WASHINGTON, March 13 (Reuters) - The World Bank and Indian government on Thursday agreed on steps to root out corruption after a World Bank probe uncovered "serious incidents" of fraud and corruption in country health projects the bank helped finance.
The World Bank said it would work with the Indian government to conduct independent procurement audits and performance reviews; strengthen bidding procedures and financial management in the health sector; increase community oversight, and improve supervision of equipment and pharmaceutical procurement practices.
"Working with the Indian authorities, we will take action against those found responsible, including debarment and sanctions against firms and individuals from doing business with the bank, and disciplinary action against Bank staff if warranted," World Bank President Robert Zoellick said.
"We will also apply the lessons learned to our projects around the world. Our focus is on ensuring that the people for whom these projects are designed receive the development benefits they deserve."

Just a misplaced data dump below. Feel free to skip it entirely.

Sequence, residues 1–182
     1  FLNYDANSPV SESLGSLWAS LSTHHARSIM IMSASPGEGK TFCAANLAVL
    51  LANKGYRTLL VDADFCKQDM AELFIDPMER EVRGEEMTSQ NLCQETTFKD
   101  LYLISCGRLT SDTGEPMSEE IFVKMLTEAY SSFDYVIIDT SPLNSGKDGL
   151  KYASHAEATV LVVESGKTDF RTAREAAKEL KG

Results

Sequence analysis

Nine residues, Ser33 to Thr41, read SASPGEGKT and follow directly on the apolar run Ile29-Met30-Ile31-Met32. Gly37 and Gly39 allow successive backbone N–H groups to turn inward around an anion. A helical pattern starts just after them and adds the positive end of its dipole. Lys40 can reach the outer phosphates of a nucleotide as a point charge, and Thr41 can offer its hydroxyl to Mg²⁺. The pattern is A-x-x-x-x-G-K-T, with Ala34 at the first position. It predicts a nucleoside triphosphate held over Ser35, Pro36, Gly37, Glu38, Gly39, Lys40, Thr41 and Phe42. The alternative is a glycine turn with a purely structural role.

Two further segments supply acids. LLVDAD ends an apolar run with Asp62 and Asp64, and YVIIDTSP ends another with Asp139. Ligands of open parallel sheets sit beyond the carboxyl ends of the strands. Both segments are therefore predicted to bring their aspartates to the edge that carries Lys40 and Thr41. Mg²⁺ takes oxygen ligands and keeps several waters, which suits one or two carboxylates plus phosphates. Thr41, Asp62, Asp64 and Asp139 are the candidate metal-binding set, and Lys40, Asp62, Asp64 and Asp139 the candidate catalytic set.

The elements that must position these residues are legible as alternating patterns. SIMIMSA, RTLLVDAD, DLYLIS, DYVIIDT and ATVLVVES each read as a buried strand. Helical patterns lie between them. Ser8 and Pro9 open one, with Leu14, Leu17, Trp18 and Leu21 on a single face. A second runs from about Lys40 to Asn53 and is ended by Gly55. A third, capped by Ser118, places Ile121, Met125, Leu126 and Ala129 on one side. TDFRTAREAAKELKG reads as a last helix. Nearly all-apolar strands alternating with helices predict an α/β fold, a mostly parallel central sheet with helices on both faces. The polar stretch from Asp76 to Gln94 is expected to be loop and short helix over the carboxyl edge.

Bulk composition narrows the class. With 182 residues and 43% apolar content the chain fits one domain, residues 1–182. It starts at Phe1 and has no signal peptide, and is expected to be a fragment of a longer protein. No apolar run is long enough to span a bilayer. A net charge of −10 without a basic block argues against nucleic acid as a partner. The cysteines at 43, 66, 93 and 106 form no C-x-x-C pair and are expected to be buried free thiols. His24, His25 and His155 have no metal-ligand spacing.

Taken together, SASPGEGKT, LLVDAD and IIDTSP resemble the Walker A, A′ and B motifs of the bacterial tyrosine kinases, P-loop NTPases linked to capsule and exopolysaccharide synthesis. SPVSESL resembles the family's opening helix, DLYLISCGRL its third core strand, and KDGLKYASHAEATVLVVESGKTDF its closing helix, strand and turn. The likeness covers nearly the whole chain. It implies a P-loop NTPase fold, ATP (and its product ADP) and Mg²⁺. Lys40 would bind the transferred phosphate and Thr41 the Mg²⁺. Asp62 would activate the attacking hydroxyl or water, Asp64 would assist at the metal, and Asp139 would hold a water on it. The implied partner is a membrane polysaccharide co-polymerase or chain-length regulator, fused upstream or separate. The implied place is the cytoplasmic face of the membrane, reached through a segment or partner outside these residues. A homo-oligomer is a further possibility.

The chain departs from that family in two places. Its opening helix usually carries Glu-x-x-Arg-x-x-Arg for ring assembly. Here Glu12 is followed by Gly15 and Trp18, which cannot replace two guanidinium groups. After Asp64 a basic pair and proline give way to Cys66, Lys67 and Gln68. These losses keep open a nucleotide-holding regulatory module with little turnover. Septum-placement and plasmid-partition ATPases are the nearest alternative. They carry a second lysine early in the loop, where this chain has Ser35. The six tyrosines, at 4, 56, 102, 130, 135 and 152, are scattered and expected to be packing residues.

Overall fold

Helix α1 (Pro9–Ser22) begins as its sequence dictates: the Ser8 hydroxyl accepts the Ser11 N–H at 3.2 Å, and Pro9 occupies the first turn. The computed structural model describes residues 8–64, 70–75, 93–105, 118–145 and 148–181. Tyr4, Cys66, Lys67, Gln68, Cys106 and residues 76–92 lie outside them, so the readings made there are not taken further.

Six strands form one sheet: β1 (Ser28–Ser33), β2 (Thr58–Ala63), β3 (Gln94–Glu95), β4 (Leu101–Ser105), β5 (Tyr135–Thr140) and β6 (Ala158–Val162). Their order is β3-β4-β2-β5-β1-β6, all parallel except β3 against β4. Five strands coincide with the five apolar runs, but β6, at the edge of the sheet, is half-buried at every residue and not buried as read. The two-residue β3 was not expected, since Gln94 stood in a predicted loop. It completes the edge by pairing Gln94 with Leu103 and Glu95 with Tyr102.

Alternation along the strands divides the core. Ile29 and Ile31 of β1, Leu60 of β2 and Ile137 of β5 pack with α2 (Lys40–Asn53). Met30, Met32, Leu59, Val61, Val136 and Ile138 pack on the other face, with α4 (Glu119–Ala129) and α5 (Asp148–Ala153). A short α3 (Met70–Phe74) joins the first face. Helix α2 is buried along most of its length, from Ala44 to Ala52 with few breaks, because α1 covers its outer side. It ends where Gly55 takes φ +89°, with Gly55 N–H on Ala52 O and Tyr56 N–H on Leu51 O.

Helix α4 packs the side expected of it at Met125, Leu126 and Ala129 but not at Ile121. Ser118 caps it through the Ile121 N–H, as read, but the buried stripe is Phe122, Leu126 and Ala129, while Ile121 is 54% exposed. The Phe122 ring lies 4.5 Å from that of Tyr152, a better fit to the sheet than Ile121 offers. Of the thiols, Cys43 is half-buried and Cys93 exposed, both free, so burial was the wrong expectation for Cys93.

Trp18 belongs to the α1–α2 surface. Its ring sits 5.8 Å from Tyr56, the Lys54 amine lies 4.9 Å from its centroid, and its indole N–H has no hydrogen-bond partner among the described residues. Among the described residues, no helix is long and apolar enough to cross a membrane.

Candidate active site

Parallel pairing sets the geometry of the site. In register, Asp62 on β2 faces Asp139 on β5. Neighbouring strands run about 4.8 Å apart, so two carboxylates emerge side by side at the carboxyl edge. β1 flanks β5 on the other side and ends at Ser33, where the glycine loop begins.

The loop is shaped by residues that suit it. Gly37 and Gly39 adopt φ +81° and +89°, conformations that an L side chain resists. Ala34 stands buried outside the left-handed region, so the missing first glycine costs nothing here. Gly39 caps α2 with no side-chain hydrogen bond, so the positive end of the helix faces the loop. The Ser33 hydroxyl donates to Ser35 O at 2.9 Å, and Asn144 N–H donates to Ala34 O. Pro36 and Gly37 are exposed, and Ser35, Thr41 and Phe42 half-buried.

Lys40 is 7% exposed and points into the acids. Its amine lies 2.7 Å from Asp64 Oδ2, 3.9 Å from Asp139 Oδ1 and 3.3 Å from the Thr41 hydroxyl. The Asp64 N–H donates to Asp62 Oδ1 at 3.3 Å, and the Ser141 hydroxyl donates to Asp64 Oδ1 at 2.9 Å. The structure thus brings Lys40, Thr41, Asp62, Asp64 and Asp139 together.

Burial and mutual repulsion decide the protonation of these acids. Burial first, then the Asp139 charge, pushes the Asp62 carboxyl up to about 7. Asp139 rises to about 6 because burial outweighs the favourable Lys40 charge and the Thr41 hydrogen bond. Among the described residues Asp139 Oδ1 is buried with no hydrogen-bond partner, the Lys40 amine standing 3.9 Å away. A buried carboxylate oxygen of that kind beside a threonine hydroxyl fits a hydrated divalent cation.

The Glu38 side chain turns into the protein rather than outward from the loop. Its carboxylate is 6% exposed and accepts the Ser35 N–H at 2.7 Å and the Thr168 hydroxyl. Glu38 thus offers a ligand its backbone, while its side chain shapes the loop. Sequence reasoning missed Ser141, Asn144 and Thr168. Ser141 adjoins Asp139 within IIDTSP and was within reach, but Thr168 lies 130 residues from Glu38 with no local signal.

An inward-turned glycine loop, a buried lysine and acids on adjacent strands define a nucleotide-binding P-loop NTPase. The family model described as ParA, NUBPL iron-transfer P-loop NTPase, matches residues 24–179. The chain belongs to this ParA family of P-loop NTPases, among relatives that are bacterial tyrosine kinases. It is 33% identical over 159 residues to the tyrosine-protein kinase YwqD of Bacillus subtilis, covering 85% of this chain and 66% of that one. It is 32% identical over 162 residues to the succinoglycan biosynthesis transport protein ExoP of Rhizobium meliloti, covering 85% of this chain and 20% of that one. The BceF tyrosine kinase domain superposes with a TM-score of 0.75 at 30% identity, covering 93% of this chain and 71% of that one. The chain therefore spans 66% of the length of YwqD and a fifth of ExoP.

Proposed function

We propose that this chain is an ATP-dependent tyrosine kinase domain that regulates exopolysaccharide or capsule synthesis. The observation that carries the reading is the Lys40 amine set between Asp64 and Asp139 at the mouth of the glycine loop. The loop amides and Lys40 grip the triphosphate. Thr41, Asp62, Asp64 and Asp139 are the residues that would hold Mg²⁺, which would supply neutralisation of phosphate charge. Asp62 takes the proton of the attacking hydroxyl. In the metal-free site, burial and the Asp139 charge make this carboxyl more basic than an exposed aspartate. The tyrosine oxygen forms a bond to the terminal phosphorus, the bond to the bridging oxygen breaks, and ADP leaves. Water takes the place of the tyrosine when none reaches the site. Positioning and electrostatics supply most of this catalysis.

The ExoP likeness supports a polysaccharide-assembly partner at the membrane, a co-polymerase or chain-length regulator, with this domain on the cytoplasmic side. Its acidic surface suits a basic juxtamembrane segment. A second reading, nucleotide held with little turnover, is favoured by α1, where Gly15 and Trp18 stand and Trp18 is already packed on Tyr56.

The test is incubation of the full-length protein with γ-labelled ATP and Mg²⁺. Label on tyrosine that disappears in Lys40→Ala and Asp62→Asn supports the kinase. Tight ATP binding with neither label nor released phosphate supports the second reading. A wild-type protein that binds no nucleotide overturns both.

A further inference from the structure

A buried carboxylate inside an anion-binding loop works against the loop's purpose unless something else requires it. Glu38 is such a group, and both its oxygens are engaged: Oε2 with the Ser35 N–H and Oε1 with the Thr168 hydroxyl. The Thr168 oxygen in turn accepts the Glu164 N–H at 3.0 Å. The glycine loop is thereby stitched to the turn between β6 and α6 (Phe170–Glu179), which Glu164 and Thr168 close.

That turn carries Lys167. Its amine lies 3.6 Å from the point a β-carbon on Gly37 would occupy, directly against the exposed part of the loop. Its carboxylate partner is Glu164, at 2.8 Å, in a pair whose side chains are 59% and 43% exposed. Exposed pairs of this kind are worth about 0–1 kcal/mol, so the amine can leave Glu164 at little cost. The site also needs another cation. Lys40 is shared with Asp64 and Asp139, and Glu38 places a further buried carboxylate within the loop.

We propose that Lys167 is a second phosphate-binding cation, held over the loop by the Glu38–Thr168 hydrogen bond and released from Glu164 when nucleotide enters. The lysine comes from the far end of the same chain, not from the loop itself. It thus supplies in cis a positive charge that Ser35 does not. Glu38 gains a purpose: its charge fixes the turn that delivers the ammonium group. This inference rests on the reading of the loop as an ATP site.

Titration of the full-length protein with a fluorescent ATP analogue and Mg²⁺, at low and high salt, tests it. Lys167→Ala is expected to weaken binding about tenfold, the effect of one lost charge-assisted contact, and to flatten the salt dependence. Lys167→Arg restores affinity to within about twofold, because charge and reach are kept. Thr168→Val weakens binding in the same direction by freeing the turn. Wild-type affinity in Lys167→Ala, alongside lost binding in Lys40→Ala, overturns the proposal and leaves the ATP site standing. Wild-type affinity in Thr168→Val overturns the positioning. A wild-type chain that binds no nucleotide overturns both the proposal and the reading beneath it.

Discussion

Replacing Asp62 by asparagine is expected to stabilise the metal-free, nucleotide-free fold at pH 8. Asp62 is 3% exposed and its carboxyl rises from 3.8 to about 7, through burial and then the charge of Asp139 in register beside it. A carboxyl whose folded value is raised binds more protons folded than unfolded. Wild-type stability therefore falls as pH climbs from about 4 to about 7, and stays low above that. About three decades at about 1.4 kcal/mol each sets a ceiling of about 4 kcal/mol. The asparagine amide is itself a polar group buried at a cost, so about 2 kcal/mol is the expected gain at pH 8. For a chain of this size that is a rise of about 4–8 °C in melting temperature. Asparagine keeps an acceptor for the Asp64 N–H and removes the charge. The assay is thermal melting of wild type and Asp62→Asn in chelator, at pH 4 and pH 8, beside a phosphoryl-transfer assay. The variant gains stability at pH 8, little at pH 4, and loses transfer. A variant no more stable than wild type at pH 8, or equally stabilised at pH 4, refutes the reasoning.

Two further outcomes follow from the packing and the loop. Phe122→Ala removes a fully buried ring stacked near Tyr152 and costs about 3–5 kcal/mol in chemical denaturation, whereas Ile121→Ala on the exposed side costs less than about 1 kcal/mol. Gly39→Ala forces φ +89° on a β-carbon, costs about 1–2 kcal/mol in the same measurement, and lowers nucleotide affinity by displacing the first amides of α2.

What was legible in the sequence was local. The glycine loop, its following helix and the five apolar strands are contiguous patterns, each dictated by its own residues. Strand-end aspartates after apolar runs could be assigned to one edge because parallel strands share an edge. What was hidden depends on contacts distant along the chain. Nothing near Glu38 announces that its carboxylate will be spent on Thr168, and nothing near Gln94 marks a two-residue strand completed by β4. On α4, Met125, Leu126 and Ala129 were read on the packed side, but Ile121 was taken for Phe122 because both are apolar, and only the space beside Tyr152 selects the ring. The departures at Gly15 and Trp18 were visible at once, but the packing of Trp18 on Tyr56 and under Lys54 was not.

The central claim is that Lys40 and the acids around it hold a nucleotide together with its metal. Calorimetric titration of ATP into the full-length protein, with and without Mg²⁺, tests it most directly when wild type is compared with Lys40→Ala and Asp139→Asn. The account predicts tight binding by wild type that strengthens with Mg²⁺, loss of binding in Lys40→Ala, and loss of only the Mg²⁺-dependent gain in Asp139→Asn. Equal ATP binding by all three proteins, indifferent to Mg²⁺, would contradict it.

Since the probe ended in January, the World Bank said it had begun nine follow-up investigations related to the health projects. It had also referred three new cases to India’s criminal bureau for investigation.
India has vowed to act against those found guilty of fraud or corruption in the matter
The World Bank board on Thursday praised the Indian government for its "constructive and swift" response to findings in the bank’s probe, which looked at five World Bank-supported projects, some dating back to 1997, for HIV/AIDS, malaria and tuberculosis.
The investigation further highlighted concerns about corruption in World Bank-financed development projects and the need to tackle shortcomings in the bank’s oversight of its projects.
"The bank intends to remain engaged in the health sector in India, to help strengthen health-care systems and meet critical public needs, provided future projects include mechanisms to counter the risks identified" in the probe," it said.
The bank also acknowledged there were weaknesses within its own systems "that allowed possible indicators of wrongdoing to go unnoticed." (Reporting by Lesley Wroughton; Editing by Jan Paschal)